Good preventive behaviours will also improve their all-round health. A diet that is balanced, yet varied and low in sugar is crucial, so must be discussed. Of course, you will often be talking to women who are exhausted, stressed and, particularly at this time, all out of coping mechanisms, so the temptation to reach for sweet, comforting snacks will be sky-high. Talk about sugar-free swaps and alternative ways to get an energy boost, such as a 30-minute walk outside, which is a good way to improve mood, too. Staying hydrated will also regulate energy levels and they should choose plain water where possible. Caffeine consumption must be limited during pregnancy to 200mg per day (around two mugs of tea or instant coffee) – too much is a risk factor for low birthweight. There have been claims that link caffeine intake with a failure to conceive, but these have not been substantiated by clinical evidence.

Small healthy meals, taken often, can also help with nausea. For morning (or all-day) sickness, rinsing the mouth with plain water can offer some respite, and limit the damage to the teeth from stomach acid. Your patient should try to wait an hour before brushing their teeth if they can.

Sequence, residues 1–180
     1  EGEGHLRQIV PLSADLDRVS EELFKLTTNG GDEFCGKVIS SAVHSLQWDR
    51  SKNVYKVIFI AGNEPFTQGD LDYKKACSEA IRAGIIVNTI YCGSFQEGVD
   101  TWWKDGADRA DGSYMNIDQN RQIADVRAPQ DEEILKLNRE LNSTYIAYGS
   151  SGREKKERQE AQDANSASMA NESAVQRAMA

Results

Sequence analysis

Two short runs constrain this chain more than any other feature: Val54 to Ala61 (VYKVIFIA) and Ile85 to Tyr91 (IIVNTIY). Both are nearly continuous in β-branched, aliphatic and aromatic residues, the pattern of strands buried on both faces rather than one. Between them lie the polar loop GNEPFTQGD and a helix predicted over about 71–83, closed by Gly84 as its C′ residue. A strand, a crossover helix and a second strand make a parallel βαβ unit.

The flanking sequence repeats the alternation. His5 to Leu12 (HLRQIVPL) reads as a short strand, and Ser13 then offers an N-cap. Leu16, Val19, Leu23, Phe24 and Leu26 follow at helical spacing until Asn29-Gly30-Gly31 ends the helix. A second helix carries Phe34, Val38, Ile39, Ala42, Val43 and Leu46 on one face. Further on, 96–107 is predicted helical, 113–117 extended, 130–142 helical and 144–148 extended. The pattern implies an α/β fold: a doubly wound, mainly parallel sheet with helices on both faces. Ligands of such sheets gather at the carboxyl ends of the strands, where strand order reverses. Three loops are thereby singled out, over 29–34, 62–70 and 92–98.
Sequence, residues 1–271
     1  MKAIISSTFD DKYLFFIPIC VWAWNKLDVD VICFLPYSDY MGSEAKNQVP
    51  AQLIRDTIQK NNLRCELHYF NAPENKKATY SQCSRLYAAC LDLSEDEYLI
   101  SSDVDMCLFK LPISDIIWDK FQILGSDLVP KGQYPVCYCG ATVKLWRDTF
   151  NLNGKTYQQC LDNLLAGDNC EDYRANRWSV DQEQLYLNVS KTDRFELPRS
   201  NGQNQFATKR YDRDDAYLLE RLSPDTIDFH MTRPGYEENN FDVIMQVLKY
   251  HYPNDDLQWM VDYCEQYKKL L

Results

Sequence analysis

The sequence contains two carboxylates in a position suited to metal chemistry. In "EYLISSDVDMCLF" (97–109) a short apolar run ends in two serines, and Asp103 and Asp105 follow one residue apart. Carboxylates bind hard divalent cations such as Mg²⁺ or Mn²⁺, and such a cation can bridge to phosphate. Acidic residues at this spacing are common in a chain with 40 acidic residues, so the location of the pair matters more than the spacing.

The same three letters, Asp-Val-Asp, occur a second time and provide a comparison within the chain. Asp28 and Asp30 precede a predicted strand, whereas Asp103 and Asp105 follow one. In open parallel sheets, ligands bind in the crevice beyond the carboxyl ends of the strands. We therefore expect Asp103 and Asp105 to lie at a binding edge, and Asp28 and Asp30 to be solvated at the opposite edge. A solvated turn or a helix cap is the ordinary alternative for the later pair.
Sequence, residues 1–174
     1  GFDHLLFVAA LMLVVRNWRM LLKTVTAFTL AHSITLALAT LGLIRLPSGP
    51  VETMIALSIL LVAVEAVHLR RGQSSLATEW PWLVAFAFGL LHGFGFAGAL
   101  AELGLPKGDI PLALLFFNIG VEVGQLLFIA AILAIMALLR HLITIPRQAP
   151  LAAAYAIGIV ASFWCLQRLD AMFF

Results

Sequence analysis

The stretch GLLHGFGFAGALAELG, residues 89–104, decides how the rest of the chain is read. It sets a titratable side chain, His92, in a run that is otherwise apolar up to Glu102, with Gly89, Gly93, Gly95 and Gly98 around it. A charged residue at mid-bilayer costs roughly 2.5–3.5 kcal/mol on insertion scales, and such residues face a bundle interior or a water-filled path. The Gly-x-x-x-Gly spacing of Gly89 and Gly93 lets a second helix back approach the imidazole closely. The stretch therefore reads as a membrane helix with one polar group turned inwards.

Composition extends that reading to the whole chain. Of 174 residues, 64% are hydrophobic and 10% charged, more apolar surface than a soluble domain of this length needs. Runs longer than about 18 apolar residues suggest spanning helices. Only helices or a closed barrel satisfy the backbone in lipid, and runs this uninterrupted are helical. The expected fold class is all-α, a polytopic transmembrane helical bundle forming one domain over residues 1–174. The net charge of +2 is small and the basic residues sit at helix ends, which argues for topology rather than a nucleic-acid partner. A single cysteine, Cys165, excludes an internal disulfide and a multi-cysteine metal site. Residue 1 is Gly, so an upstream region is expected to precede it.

Your goal is to help them avoid plaque accumulation so careful cleaning is key – if their gums are sore, they could try UltraSoft brushes from TANDEX, which are gentle yet effective. The UltraSoft range includes interdental variants; essential for removing optimal debris. Demonstrate correct brushing method and recommend they add an alcohol-free mouthrinse to their routine, such as WASH & PREVENT, also from TANDEX.

The key is to engage with pregnant women, also those who are trying to conceive, in such a meaningful way that your relationship continues post-partum, and as their family grows. The lessons for good oral health and hygiene are life-long, and quality preventive advice means that treatment interventions will be less frequent. But if they do need treatment, they should have no worries about accessing dental care at this time and be reassured that this will be delivered safely and successfully.

Even if they are feeling great, pregnant women must take extra-special care of themselves. The pandemic has demonstrated how dental professionals are an important part of their support team, helping them to have a healthy pregnancy and to stay in all-round good health and wellbeing, even after their baby is born.

 

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Author Kimberley Lloyd- Rees on behalf of Tandex

Kimberley graduated from the University of Sheffield in 2010, where she now works as a clinical tutor in Dental Hygiene and Therapy as well as working in practice. She has spent her career working across a variety of specialist private and mixed dental practices, for the MOD and volunteering her time to a dental charity in Nepal.

 

[i] Cho, G.J., Kim, S., Lee, H.C. et al. Association between dental caries and adverse pregnancy outcomes. Sci Rep 10, 5309 (2020). https://doi.org/10.1038/s41598-020-62306-2

[ii] British Society of Periodontology and Implant Dentistry. Oral health during pregnancy. Guidelines for oral health professionals. Link: https://www.bsperio.org.uk/professionals/oral-health-during-pregnancy (accessed November 2020).